Nevertheless, I’m sad to say that the newest creation of the Vince Vaughn – Owen Wilson dynamic duo fell short in its attempt to dazzle my senses. For sake of completeness, “The Internship” on its face looks like a full-feature length Google advertisement. Granted, the days of withholding unnecessary product placements in films are long gone with glowing apples being featured in some way or another in virtually any romantic comedy, so it’s not that big of a deal. Plus, Google has become such a big part of the internet revolution that it was only a matter of time before we would start seeing the Google logo everywhere on the silver screen, so I don’t really have a problem with that.

In the film, we are introduced to Billy (Vince Vaughn) and Nick (Owen Wilson), a pair of salesmen who are suddenly laid off work. They immediately realize that the world has changed dramatically and their previous line of work (and the only thing they are good at), bullshitting people into buying stuff, is all but obsolete in the age of the Internet. Therefore, they decide to hop on the web wagon and go on to work for one of the biggest players in the Internet industry – Google. Well, ‘work’ is a bit far-fetched because in order to have a shot at working for the Silicon Valley giant, Nick and Billy need to enroll on an internship (probably unpaid) and compete for the precious jobs with hundreds of young, aspiring and energetic young minds.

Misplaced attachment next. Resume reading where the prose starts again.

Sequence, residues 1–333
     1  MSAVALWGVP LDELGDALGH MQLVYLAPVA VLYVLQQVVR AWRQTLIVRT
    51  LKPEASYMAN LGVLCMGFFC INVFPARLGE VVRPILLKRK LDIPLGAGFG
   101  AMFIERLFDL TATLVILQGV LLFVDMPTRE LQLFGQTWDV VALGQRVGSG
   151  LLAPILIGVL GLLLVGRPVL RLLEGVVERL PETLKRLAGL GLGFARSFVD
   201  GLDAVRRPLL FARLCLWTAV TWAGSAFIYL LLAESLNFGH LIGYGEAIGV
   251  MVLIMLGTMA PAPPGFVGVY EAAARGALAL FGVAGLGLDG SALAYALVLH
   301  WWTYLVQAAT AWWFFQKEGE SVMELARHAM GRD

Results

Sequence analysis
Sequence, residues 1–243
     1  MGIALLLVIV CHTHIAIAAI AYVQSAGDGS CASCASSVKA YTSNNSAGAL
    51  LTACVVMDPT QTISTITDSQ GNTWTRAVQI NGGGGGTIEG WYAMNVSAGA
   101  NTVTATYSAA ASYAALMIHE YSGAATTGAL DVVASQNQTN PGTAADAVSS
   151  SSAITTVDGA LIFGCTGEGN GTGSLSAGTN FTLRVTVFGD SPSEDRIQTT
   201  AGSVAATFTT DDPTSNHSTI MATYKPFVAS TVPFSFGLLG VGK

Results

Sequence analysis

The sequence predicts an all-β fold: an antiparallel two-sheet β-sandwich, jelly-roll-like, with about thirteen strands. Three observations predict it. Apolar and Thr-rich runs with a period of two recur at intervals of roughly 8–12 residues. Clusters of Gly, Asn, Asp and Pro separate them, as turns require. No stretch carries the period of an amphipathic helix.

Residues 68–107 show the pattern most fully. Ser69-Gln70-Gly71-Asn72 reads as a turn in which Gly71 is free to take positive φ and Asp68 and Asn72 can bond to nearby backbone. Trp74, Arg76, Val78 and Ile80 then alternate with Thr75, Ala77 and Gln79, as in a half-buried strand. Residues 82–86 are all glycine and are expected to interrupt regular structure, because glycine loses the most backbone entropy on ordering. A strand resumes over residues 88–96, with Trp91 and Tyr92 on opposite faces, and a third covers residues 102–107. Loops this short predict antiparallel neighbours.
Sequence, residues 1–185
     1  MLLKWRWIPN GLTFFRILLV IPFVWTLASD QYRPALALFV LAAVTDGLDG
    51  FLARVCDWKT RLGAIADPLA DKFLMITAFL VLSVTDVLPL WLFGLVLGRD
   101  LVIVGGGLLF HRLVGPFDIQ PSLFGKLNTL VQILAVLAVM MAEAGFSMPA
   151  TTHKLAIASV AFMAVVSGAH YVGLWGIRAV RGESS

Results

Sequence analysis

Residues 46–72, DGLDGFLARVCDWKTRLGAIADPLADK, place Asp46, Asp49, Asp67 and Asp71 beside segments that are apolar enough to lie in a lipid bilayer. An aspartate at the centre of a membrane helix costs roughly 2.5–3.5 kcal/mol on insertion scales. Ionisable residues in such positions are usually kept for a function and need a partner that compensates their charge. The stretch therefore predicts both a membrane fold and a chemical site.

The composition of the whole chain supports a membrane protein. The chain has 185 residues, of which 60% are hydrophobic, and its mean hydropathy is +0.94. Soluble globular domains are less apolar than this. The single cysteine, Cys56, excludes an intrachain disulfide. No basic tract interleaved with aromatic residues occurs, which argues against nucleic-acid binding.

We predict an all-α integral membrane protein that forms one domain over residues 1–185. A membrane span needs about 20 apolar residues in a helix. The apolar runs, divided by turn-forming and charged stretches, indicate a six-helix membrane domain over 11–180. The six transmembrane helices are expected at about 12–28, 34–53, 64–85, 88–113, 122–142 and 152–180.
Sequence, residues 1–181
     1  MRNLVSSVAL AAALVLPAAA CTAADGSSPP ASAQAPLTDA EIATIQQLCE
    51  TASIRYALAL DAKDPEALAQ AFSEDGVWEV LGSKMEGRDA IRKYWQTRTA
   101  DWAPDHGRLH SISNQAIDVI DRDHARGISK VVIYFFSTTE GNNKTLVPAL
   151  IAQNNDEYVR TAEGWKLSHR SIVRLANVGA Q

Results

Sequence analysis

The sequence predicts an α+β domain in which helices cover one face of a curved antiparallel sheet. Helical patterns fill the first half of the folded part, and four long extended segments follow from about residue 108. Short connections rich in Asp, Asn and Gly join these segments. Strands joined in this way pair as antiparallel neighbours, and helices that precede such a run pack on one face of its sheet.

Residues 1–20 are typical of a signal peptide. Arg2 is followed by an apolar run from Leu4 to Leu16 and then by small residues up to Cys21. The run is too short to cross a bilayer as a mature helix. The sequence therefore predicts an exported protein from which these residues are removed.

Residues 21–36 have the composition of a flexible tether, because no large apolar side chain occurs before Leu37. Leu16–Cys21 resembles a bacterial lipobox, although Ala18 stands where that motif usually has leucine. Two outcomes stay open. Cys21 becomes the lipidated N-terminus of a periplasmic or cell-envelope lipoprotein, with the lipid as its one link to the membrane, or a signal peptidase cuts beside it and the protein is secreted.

I think the main reason I didn’t get as much out of “The Internship” as I would have liked is due to the fact that a single shtick can work only so many times before it goes stale. And sadly, we’ve seen it all before in “Wedding crashers” and “Starsky and Hutch”. While they are different in terms of the formula and plot, I dare say that at this point in time, another Wilson/Vaughn duo comedy could not go down very well. As a result, Wilson and Vaughn in “The Internship” are just doing their thing and when you’re used to doing things certain way, or – God forbid – the director specifically expects you to do what you know best, any creativity goes out the window.

In simplest terms, “The Internship” is a very formulaic buddy comedy with a strong ‘fish out of the water’ theme. Honestly, there’s nothing wrong with that, but any genre film needs an element that the viewer will keep in focus and most often we’d like to see a vivid set of characters on screen that run at the forefront of things. While Vaughn/Wilson thing might have worked in the past, recreating the same dynamism the viewers are familiar with without throwing in anything fresh into the fray is a recipe for a disaster.